An easy cell

Three companies take the hassle out of wheel production.

Three companies take the hassle out of wheel production.

Wheel manufacturers can purchase, from a single source, an integrated wheel cell that combines two Okuma lathes, a Chiron drilling center, and a robot from Fanuc Robotics.

Chiron's WM 05 CNC drilling machine finishes the front and rear sides of a wheel in one chucking. Its indexing table, which swivels 360°, turns at 27 rpm.

To minimize chuck clamping, the Okuma LAW-V24's automated handling unit retracts immediately after loading a workpiece on the chuck.

The LAW-V24 vertical lathe has two V6 turrets, each holding six tools.


Sure wheel manufacturers can build their own cells by buying separate lathes, drilling machines, and robots. But why should they if an integrated package is faster and more productive, say Okuma America, Chiron America, and Fanuc Robotics. The three companies have pooled resources, developing a cell that turns out an aluminum wheel in as little as 53 sec. The cell combines two lathes from the Charlotte-based Okuma America Corp., a drilling center made by Chiron America Inc., also of Charlotte, and a robot from Fanuc Robotics North America Inc., Rochester Hills, Mich. As the lead company, Okuma oversees cell integration and coordinates sales, service, and support.

Integrating these systems, says Peter Hazle-hurst, vice president/general manager for Okuma's West Coast Technology Center in Torrance, Calif., gives end users 98% uptime, in an industry where 95% is considered pretty good. And using standard machines keeps the cost of the package down.

End users get other benefits as well. "Our customers send their wheels to our facility, and we program the cell," comments Hazlehurst. "We'll do all the work up front, run the wheels through, and, for the most part, increase productivity, depending on wheel style, by 25% to 60%."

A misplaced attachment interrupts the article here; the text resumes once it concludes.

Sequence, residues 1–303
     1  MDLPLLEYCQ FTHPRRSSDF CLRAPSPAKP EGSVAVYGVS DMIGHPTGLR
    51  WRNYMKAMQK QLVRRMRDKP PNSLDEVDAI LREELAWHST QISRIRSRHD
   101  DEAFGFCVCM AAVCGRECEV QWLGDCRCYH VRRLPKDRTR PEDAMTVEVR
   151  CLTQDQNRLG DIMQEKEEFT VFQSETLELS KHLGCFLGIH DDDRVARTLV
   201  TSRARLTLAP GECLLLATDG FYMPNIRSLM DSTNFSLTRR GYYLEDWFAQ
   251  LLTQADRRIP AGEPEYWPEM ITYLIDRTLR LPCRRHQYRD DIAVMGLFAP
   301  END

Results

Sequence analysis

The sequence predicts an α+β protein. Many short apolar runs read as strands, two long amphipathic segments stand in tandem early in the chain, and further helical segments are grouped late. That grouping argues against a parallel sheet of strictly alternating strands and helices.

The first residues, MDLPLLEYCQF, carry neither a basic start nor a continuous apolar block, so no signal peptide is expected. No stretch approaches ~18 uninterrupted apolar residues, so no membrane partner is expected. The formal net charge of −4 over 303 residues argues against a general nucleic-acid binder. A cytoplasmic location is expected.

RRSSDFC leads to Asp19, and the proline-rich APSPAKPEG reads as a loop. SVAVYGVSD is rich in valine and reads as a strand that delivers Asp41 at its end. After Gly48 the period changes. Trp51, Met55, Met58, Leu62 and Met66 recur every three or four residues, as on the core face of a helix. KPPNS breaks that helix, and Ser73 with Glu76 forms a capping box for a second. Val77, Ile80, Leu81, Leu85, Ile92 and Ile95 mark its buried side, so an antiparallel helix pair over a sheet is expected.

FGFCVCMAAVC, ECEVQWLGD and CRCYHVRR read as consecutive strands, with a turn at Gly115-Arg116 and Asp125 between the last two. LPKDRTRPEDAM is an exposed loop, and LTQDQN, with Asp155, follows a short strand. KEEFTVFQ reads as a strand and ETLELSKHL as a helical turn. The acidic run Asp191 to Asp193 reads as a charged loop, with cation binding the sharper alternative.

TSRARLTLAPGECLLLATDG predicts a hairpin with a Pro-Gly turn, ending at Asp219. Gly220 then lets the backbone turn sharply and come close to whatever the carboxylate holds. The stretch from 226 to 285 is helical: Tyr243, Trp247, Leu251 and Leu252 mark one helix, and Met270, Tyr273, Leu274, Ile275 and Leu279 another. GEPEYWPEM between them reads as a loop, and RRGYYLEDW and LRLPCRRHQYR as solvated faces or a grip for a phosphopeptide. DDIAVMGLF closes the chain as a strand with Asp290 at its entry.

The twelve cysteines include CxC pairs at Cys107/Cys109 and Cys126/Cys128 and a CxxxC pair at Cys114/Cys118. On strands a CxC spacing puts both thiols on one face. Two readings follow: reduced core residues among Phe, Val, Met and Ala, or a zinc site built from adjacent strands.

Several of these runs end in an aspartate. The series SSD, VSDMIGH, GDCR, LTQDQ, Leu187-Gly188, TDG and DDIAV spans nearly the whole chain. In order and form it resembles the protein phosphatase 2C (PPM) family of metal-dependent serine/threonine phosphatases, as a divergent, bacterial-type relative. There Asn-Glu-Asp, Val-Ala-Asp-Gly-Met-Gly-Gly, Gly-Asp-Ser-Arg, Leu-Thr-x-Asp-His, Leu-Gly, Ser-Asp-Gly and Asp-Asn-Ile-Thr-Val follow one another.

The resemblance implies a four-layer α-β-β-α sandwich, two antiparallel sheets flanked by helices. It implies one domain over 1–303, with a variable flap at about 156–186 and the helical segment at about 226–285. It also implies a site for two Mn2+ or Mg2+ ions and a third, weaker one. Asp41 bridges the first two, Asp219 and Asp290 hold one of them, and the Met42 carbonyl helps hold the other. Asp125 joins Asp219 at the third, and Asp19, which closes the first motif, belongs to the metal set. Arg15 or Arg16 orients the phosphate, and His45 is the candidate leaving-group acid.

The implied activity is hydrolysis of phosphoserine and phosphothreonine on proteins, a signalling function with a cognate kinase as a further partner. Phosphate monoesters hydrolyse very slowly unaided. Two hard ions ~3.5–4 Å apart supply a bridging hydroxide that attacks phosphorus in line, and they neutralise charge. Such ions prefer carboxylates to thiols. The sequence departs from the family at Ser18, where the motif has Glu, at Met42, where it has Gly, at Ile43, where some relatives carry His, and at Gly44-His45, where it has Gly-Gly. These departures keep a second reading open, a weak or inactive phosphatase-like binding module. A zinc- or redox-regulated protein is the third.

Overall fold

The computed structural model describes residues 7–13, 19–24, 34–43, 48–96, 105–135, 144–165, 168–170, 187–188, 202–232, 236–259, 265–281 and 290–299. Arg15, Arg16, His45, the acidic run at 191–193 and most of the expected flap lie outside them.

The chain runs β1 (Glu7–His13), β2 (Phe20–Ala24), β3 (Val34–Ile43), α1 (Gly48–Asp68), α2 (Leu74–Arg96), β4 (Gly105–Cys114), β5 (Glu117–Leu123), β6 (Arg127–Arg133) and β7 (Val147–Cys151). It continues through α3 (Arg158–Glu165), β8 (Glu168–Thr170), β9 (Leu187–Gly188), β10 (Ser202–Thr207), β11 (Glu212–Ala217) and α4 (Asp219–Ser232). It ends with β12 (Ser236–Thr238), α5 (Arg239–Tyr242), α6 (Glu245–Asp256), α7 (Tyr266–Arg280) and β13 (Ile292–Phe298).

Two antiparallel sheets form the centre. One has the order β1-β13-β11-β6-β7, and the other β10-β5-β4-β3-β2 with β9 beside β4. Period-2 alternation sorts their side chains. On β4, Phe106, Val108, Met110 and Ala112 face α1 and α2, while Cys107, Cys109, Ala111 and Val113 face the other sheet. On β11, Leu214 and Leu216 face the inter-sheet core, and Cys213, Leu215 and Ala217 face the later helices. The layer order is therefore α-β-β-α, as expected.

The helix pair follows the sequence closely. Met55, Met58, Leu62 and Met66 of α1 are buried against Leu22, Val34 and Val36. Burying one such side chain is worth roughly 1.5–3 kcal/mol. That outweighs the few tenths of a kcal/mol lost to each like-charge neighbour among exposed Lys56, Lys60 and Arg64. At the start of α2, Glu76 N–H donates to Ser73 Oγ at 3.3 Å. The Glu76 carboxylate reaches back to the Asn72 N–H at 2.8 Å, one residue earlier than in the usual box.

Productivity and quality are keys to any manufacturing operation, but especially in competitive wheel production. Shops are making bigger and brighter wheels faster and cleaner than ever before. But difficulties arise when dealing with numerous wheel styles produced in ever-smaller batches and large wheels that require extensive material removal. In addition, machining must compensate for casting variances when the amount of excess material, as well as where it is located on the casting, varies from wheel to wheel.

The wheel cell handles all these challenges, says David E. Potter, Fanuc Robotics' general manager, North American distribution, through careful coordination between the machine tools, the robot, and the control system. "We maximize cell productivity, uptime, and effectiveness by synchronizing machining operations." This ensures that no machine sits idle, explains Robert J. Pernsteiner, Chiron's senior vice president and general manager.

All three companies worked hand-in-hand to shave cycle times. For example, his company changed its machine doors to facilitate load/unload. Then the lathe became the longest operation. So Okuma made revisions, changing from single to double doors and speeding chuck actuation. Fanuc altered processing within the control to optimize operations.

At work in the cell
A wheel casting enters the production cell on an inbound conveyor, of which there are two types: manual or automated. With the manual system, an operator places the casting on the conveyor in a specific orientation. The automated system, on the other hand, uses vision and measurement systems to check both wheel style and positioning.